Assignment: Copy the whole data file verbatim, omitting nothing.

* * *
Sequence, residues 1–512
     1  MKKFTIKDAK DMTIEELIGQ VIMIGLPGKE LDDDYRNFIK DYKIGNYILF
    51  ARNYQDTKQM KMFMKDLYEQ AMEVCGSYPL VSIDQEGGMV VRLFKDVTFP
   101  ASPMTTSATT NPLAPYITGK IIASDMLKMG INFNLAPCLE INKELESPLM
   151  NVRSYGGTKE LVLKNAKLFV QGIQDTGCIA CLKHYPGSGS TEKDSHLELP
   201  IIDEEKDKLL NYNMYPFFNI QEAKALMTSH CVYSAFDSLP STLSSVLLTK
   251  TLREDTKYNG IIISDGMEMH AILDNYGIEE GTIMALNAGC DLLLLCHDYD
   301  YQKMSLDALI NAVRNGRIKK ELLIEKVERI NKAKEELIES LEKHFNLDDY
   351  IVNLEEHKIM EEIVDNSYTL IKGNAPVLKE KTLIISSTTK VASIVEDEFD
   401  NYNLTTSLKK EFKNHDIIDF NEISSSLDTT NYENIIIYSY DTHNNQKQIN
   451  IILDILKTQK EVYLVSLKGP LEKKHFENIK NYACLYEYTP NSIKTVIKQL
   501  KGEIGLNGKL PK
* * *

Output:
Sequence, residues 1–512
     1  MKKFTIKDAK DMTIEELIGQ VIMIGLPGKE LDDDYRNFIK DYKIGNYILF
    51  ARNYQDTKQM KMFMKDLYEQ AMEVCGSYPL VSIDQEGGMV VRLFKDVTFP
   101  ASPMTTSATT NPLAPYITGK IIASDMLKMG INFNLAPCLE INKELESPLM
   151  NVRSYGGTKE LVLKNAKLFV QGIQDTGCIA CLKHYPGSGS TEKDSHLELP
   201  IIDEEKDKLL NYNMYPFFNI QEAKALMTSH CVYSAFDSLP STLSSVLLTK
   251  TLREDTKYNG IIISDGMEMH AILDNYGIEE GTIMALNAGC DLLLLCHDYD
   301  YQKMSLDALI NAVRNGRIKK ELLIEKVERI NKAKEELIES LEKHFNLDDY
   351  IVNLEEHKIM EEIVDNSYTL IKGNAPVLKE KTLIISSTTK VASIVEDEFD
   401  NYNLTTSLKK EFKNHDIIDF NEISSSLDTT NYENIIIYSY DTHNNQKQIN
   451  IILDILKTQK EVYLVSLKGP LEKKHFENIK NYACLYEYTP NSIKTVIKQL
   501  KGEIGLNGKL PK